Changes in market conditions underscore the importance of following sound collateral valuation practices and monitoring when originating or modifying real estate loans and evaluating portfolio risk.
The Agencies implicitly are addressing three major risk exposures that drive the government’s interest in objective third-party collateral validation practices:
1. The FDIC scheme of depository insurance, which depends crucially upon the soundness of bank lending practices.
2. Agency guarantees on mortgage-backed securities provided by Ginnie Mae, Fannie Mae and Freddie Mac.
3. The potential government responsibility to bail out financial institutions deemed “too big to fail.”
The drafting of the Guidelines is a joint effort of the Office of the Comptroller of the Currency, Treasury; Board of Governors of the Federal Reserve System; Federal Deposit Insurance Corporation; Office of Thrift Supervision, Treasury; and National Credit Union Administration (collectively, the “Agencies”). The Agencies have committed to work together to ensure that real estate lending is conducted in a safe and sound manner.
Note: Contributors to this blog post include members of the NewOak Capital team.
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Monday, February 14 2011 | 01:10 PM
SNR DENTON US LLP
|On February 8, 2011, the Board of Governors of the Federal Reserve (the “Board”) issued a notice of proposed rule making under the Dodd-Frank Wall Street Reform and Consumer Protection Act (the “Dodd-Frank Act”). The proposed rules establish criteria for determining whether a nonbank entity (1) is nonbank company that is “predominantly engaged in financial activities”, and (2) is a “significant nonbank financial company”. Both of these rules are important, because the Dodd-Frank Act gives the Financial Stability Oversight Council (the “FSOC”) the authority to determine whether a nonbank financial company shall be subject to the Board’s supervision, because it could pose a threat to the financial stability of the United States.
One of the necessary criteria for a company to be a “nonbank financial company” is that it be engaged “predominantly in financial activities”. Under the first proposed rule, a company would be “predominantly engaged in financial activities” if in either of its past two fiscal years, eighty-five percent of its consolidated annual gross revenues or consolidated total assets in that year were derived from or related to, respectively, “activities of a financial nature” or the ownership, control, or activities of an insured depository institution or any of subsidiary thereof. Additionally, the Board would have discretion to determine “based on all the facts and circumstances” that at least eighty-five percent of a nonbank company’s consolidated annual gross revenues or consolidated total assets are derived from or related to the aforesaid activities.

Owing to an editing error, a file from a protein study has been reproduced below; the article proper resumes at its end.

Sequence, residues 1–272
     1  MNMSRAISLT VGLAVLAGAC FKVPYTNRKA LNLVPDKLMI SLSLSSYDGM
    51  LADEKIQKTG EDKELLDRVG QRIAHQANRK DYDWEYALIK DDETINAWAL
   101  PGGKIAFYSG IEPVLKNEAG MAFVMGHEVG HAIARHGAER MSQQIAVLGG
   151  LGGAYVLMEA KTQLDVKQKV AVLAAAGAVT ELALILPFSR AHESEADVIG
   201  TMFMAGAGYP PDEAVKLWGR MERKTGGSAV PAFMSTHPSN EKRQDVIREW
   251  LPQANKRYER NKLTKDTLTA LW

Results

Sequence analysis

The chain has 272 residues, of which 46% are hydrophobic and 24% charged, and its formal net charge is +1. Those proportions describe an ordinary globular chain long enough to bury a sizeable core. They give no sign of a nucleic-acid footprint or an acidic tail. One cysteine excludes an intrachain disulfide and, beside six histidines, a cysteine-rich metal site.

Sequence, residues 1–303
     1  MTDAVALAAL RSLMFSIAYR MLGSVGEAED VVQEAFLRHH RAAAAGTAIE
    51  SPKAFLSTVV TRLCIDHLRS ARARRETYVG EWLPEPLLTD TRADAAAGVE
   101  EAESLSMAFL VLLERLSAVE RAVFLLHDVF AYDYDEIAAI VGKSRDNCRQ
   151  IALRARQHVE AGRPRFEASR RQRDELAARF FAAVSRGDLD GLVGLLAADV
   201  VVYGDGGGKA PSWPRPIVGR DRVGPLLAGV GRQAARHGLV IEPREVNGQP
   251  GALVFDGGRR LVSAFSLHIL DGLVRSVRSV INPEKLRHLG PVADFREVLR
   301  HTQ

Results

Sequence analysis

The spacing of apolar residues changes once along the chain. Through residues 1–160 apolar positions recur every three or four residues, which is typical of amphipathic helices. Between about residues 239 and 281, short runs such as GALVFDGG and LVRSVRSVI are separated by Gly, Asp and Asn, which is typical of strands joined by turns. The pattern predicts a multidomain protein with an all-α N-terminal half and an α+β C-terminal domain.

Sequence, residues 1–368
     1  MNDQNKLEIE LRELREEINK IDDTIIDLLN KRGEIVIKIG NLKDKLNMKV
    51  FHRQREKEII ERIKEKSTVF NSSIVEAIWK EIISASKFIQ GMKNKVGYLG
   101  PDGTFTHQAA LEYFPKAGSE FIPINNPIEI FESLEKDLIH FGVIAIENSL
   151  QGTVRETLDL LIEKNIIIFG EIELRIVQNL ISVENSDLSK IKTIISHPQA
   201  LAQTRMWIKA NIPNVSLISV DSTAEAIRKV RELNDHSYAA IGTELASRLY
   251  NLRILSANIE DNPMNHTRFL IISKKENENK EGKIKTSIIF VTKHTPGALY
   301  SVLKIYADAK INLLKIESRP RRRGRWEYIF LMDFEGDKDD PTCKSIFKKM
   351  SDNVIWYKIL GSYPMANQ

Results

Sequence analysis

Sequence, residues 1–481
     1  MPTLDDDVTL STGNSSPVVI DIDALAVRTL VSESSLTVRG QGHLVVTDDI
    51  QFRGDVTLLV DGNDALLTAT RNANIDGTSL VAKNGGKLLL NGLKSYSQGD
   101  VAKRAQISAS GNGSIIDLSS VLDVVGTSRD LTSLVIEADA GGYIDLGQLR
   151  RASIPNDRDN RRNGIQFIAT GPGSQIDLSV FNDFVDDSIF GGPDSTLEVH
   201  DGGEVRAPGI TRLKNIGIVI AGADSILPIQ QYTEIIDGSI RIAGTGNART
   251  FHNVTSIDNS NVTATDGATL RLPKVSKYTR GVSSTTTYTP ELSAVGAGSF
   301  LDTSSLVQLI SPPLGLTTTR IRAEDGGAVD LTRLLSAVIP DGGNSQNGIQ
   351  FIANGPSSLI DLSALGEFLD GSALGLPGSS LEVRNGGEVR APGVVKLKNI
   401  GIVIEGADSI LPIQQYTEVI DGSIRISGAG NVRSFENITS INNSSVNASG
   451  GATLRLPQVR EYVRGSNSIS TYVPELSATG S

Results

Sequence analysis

One factor, in determining whether a “nonbank financial company” is to be subject to the Board’s supervision, is the degree and nature of its connections with other significant nonbank financial companies and significant bank holding companies. In this regard, the second proposed rule defines a “significant nonbank financial company” as a nonbank financial company that is already supervised by the Board, or that had at least $50 billion of total consolidated assets as of the end of its most recently ended fiscal year. Furthermore, the FSOC may recommend to the Board that nonbank financial companies supervised by the Board report to the FSOC, the Board, and the FDIC on their credit exposure to other significant nonbank financial companies and significant bank holding companies. (A “significant bank holding company” is a bank holding company or foreign bank treated as a bank holding company that had at least $50 billion of total consolidated assets as of the end of its most recently ended fiscal year.)
These proposed rules are important to several companies in the equipment finance arena, because if any of those companies qualify as nonbank financial companies, then they could be subjected to supervision by the Board, similar to that imposed on bank holding companies, and could be required to report on their credit exposure to other significant nonbank financial companies and significant bank holding companies. It is as yet unclear how burdensome the increased regulatory oversight would be.
The deadline for comment is March 30, 2011.